of simultaneous events according to their perspective. Those axes reflect symmetrically
around this 45 degree path, representing the
unvarying speed of light. Connect the ticks
of all possible time axes, and you get these
nested hyperbolae. These are contours of
constant spacetime interval. A straight line
journey to any location on one of these
contours seems to take the same amount of proper
time for every traveler. The spacetime interval is
special because every traveler will agree on which contours
a set of different events lie, even if they don’t agree
on the temporal ordering of those events. If we write the spacetime
interval for flat space with a negative sign in
front of the time part, then changes in
your space interval have to be negative,
as long as you travel at less than
the speed of light. So greater than 45
degrees on the diagram. Each contour is smaller
than the one before, and so forward
temporal evolution means rolling down
the causality hill. On the other hand,
superluminal paths, paths at less than
45 degrees, mean revisiting previous
contours, traveling uphill. That uphill journey is
equivalent to time travel. To prove it, let’s
think about the scenario that I proposed in the
recent challenge question. It went something like this. You’re in a race to claim a
newly discovered exoplanet 100 light years away. Your competitor immediately
launches a 50% lightspeed ship, the anti-matter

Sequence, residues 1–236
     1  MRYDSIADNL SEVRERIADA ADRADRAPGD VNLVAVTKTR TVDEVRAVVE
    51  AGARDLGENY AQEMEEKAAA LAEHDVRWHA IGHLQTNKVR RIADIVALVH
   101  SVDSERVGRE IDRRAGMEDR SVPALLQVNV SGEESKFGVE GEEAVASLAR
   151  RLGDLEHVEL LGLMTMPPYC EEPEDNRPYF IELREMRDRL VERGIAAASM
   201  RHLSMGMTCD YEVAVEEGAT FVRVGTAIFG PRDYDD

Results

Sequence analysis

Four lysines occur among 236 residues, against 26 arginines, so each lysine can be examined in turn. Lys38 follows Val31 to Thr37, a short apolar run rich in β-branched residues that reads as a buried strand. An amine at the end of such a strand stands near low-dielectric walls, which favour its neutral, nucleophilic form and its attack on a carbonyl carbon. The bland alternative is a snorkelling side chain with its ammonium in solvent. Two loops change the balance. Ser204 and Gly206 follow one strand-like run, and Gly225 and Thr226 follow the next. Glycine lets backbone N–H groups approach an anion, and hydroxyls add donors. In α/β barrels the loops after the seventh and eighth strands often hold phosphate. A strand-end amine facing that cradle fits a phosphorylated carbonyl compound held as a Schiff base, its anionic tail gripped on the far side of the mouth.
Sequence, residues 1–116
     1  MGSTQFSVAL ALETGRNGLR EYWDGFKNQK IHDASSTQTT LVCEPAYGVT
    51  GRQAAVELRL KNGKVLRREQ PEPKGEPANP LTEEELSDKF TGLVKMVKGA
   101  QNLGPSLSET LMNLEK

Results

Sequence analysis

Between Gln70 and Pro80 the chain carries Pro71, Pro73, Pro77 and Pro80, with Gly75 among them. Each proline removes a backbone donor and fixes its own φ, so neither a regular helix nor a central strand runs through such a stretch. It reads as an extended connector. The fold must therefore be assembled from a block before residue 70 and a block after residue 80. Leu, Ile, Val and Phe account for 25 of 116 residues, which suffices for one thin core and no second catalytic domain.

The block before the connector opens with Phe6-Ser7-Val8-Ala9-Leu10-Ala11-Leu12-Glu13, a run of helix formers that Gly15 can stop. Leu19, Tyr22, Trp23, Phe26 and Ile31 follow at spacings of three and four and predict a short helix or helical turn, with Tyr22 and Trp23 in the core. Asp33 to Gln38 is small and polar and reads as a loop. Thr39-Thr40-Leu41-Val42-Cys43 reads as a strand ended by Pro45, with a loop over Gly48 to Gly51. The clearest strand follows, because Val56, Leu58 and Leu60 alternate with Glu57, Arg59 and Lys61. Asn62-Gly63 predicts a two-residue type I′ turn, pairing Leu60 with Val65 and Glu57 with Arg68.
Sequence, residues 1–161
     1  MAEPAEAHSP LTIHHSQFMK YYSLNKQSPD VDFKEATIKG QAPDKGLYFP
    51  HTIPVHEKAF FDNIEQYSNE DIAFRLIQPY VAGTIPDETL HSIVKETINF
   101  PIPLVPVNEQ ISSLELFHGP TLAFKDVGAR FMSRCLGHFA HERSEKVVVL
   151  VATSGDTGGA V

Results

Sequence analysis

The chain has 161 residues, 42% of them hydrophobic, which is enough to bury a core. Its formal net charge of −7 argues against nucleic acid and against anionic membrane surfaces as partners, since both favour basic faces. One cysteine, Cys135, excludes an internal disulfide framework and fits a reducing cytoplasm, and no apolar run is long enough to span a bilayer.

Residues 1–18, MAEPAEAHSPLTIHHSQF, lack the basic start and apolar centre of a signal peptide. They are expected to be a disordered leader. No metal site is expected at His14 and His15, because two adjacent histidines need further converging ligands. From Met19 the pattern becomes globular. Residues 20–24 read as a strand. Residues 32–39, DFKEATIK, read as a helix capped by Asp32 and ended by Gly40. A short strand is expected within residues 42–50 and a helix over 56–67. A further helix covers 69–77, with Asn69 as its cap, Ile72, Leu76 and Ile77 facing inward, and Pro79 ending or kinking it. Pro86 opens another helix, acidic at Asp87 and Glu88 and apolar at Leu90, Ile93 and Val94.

powered Annihilator. You decide to wait, taking
a century developing an Alcubierre warp drive. Your ship, the
Paradox, can travel at twice the speed of light. Let’s see what that looks
like on the spacetime diagram. We’ll plot the world
lines of these ships as recorded by someone
waiting back on Earth. Earth doesn’t move from
its own perspective. It just hangs out at x equals
0 and rolls upward in time. The Annihilator races off
towards the exoplanet, 100 light years this way. At 50% lightspeed,
the Annihilator would take 200 years to
reach its destination, from Earth’s perspective. Meanwhile, your own world
line remains on Earth as you build the paradox. However, when you
launch, you travel at twice the speed of light. And so you’ve
reached the exoplanet in 50 years from launch date,
also from Earth’s perspective. You overtake the Annihilator
at around the 67 light year mark and finish the race 150
years after the race began. Congrats, you win. I just hope your rejuvenation
tank is still working. But winning was
never the question. I’m really curious about what
the crew of the Annihilator sees at that moment
you pass them. Do they perceive you
as traveling in time? And now that you’ve mastered